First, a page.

Skip navigation

I was sitting at a restaurant perusing the menu a few weeks ago when my wife commented how different the Kid’s Menu is from the adult menu.  Of course, the portions are smaller, but the food is much simpler fare without all the fancy sauces, cheeses, and words we can’t pronounce.  It got us talking about how things change as you grow up in regard to food.

I know that when I was a kid (and my wife would argue little has changed) I was an extremely picky eater.  But, isn’t that the hallmark of eating as a kid in most cases?  The fancier the meal appears the more it looks suspicious to us.  We regarded every meal as a possible poisoning by dreaded vegetables or something even healthier.  Those were the days of peanut butter and jelly sandwiches, pizza, and mac n’ cheese.

But, as I’ve grown up, and particularly in the last several years, my meals have become much more interesting.  Instead of the simple meals of my youth I seek out meals with strange concoctions of olive oil, sun-dried tomatoes, or white wine reductions.  I’ve learned that prosciutto is not only very tasty ham, but is very tasty when paired with melon.  I have learned that the comination of potato, pasta, and meat sauce in gnocchi Bolognese is fantastic to the point where I’ll eat until I’m sick if I’m not careful.

It’s funny when you think about it.  We still enjoy those simple foods of our youth in many cases.  They become “guilty pleasures” or “comfort food.”  But, when we plan our meals they tend to gain in complexity as we mature.  We progress from menus where the only thing needed beyond the name of the meal is the type of bread and whether or not it has fries to tongue twisting, foreign-named dishes requiring several lines of description to tell us what they are.  And even then we have to ask the waitstaff half the time.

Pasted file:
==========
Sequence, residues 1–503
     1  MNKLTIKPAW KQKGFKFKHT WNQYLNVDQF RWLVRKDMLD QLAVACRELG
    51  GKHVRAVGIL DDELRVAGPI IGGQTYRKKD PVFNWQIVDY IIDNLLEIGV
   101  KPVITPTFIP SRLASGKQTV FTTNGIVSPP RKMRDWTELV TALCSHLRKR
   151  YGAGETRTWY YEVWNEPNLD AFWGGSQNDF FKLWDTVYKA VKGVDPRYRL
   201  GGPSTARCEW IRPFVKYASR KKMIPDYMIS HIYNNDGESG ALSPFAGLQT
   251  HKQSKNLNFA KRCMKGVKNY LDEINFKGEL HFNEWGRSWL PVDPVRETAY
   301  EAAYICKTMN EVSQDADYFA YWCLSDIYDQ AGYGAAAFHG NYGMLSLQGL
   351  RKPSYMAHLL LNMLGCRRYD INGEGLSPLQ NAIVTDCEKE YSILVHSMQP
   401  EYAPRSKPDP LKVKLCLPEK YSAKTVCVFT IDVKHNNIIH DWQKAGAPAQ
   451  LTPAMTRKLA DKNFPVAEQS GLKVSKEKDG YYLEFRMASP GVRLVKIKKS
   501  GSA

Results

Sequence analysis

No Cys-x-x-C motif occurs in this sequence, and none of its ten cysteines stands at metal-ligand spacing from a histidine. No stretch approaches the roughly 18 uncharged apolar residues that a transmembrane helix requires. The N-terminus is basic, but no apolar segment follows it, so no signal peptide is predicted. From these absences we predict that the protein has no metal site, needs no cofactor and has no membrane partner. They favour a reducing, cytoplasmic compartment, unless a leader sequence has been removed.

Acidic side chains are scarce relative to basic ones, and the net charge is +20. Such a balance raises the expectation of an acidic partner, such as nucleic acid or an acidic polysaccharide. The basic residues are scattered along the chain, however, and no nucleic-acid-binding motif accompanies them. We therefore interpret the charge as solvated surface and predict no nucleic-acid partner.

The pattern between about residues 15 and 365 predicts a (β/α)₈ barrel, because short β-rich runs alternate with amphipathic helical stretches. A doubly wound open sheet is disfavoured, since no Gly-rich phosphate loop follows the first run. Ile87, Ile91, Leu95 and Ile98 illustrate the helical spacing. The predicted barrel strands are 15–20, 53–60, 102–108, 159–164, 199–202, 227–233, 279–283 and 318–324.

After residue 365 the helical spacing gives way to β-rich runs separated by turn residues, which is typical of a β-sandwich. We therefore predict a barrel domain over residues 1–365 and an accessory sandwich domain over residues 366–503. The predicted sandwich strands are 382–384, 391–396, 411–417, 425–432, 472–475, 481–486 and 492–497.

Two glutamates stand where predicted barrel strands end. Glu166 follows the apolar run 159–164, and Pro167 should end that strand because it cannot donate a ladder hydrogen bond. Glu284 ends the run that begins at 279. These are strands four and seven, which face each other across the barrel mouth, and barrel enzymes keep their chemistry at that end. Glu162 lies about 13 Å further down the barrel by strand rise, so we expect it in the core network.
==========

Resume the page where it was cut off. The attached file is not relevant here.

So, next time you’re cooking up a box of Kraft Mac n’ Cheese because your day sucked and you’re just too tired to cook a proper meal, revel in the comfort of it.  The simple things are with us from the beginning.  Indulging in them doesn’t mean your palette is unrefined.

Besides that chilled bottle of Pinot Grigio pairs fantastically with Mac N’ Cheese.

Advertisements

Leave a Reply

Fill in your details below or click an icon to log in:

WordPress.com Logo

You are commenting using your WordPress.com account. Log Out / Change )

Twitter picture

You are commenting using your Twitter account. Log Out / Change )

Facebook photo

You are commenting using your Facebook account. Log Out / Change )

Google+ photo

You are commenting using your Google+ account. Log Out / Change )

Connecting to %s

%d bloggers like this: